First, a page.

2. Very interesting and informative. Thank you. You mentioned in a previous post about the Expedition that it may have or was built by Miyata. I once had a 1000 and will attest to the very fine building of the Japan bikes of that era. The brazing and filing of the lugs was extremely clean. After reading your post about the Expedition I feel nostalgic for my 1000. Looking forward to seeing your completed Expedition.

  3. Those Specialized hubs and Mavic rims were indeed amazing.

    Once, I converted a 27" bike to 700c. The front brake had enough reach to handle the change. The rear was too short by a hair on George Costanza's head. I filed the lower part of the brake pad slot ever so slightly, and the pad lined up perfectly with the rim.

  4. i remember when the Expedition was introduced and the reviewer in Bicycling magazine opined that the 700c wheels would be problematic if one were to "marf a rim" when out in the middle of nowhere. This was indeed the time when 27" wheels were about the only size available. How times change... i don't miss 27" wheels at all.

    These days though, it's getting a bit harder to find decent 36 and 40 hole rims.

    1. That's funny. Wish I could find that review. About 36 or 40 rims, isn't that the truth! In fact just finding a good selection of high quality rims for traditional wheelbuilding is harder and harder.

    2. One of the reasons I go to Hal at Bicycle Habitat if I can't or don't want to build a wheel myself is that he's one of the few who doesn't try to dissuade me from 36 spokes.

  5. I've been holding out till I could calm down about the color change! =:)

    I lusted after the Expedition. First shop I worked in had one, fully decked out, hanging there, taunting me. That, and the smoked chrome Ciocc made it hard to stay on task......

    Glad you had an axle to swap it out with, was going to suggest a slick technique to straighten, but swapping is of course, preferred!

    I totally agree on the rim issues, Mavic seems to have forgotten that one can build their own, but gladly, Velocity still offers a wide variety of shapes, widths and drillings, in a slew of fun colors beyond silver or black, if you're feeling sporty too!!

    Nice project, looks to be my size too. But covering all that lovely understated charcoal grey? So sad, at least for my nostalgic mind.

    1. replacement axles are still a pretty common item at most bike shops, but I keep a few on hand anyhow - so the swap was an easy choice. I don't feel bad about changing the color. There's part of me that thinks it would have been good to make it look just like new (including the same color) and there's that part of me that says, Hell, it's MY bike. The burgundy is still pretty understated -- traditional and classy. Doing it up in a neon, now THAT would have been a crime.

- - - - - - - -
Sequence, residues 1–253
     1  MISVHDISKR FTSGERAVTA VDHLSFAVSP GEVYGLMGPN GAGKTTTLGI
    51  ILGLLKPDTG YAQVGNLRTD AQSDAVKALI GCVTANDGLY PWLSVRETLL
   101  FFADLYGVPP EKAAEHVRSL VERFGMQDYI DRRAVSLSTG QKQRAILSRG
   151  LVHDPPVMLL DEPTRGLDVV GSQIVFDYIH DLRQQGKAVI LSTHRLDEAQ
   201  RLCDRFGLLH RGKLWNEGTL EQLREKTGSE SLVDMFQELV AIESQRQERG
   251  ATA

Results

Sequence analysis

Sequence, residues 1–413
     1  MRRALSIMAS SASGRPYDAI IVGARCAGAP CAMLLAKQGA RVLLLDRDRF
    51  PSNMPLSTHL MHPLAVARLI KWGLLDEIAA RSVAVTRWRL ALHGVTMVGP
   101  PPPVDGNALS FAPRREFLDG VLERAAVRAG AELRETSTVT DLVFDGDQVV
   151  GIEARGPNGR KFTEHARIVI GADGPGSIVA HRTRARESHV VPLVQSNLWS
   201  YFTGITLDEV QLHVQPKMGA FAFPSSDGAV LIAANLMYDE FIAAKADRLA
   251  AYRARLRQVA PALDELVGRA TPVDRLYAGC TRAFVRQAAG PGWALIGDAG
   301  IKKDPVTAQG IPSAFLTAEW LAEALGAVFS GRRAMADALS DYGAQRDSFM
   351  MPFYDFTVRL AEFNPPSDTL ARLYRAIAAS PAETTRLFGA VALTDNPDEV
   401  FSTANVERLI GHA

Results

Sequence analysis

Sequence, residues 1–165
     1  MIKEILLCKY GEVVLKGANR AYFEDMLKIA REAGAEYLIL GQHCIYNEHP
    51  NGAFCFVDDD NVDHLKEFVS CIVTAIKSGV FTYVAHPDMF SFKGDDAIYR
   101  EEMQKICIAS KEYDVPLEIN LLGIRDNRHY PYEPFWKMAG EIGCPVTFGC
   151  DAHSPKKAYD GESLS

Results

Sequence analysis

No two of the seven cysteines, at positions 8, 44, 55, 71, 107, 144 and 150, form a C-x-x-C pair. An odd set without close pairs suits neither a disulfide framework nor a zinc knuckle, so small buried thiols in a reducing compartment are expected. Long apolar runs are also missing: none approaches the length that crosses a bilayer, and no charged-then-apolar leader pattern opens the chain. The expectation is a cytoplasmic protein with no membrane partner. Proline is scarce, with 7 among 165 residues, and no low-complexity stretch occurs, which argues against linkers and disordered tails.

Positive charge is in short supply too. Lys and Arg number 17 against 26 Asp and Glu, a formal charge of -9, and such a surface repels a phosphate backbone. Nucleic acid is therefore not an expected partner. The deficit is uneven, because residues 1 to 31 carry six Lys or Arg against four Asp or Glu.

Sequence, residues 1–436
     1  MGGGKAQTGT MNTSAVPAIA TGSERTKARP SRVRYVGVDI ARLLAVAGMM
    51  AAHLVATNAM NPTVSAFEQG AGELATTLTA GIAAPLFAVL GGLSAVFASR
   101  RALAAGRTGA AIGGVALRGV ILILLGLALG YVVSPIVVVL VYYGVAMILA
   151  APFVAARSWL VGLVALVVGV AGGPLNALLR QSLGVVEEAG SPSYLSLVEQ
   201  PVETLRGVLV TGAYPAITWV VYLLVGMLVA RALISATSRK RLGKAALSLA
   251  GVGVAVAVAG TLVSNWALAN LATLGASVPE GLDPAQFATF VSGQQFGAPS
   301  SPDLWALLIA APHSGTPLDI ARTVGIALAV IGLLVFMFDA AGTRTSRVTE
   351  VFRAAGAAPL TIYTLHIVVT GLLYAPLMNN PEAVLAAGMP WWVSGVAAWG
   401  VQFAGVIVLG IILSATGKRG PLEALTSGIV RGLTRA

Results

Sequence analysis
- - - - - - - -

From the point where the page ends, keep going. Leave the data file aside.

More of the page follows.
2. Beauty and period-correctness often, but not always, go hand-in-hand.

  6. If it works for you, that's what matters.

    Purist debates will never reach a unanimous conclusions!

    Still shoulda been grey though... =:P

  7. I used a 1990-sh set of Wheelsmith wheels at Eroica California on April 8 with the Specialized hubs. I was astounded at how well they rolled on downhills and the flats. Great hubs--now I want more of them!

  8. Mine came with Super Champion rims. They were trashed (huge flat spot in the rear) and the rear axle was bent. I'm surprised it hadn't snapped. Replacing the Super champ in the rear with a 40 hole would have cost me an arm and a leg, so I replaced both hubs (Deore) and rims (CR13) with 36 hole versions.

  9. You're correct about the date. It's a 1983 model. 1984 and up have downtube shifter bosses. The 1985 model has a Specialized logo on the top of the forks.

  10. I bought an Expedition brand new out of the box in 1986 and assembled it myself. (I worked in the bike shop.) I still have it, but I am "upgrading" it - with some difficulty - I am selling different bits - -including the quill stem and handlebars, and the rear wheel. (Putting the front wheel on a more recent Opus Adagio) Original Suntour components are long gone (Should have been Shimano from the start!) Going to be a proper 3 x 10 with Microshift downtube shifters. On a Tiagra 3 x 10. Yes, I know I said that already. I had to order the shifters directly from Microshift in Japan. They do not normally cross the Pacific. Question: Anyone know the specs ono those original cartridge bearings? I need to get a new set. They seem to last me only about 15 ... years.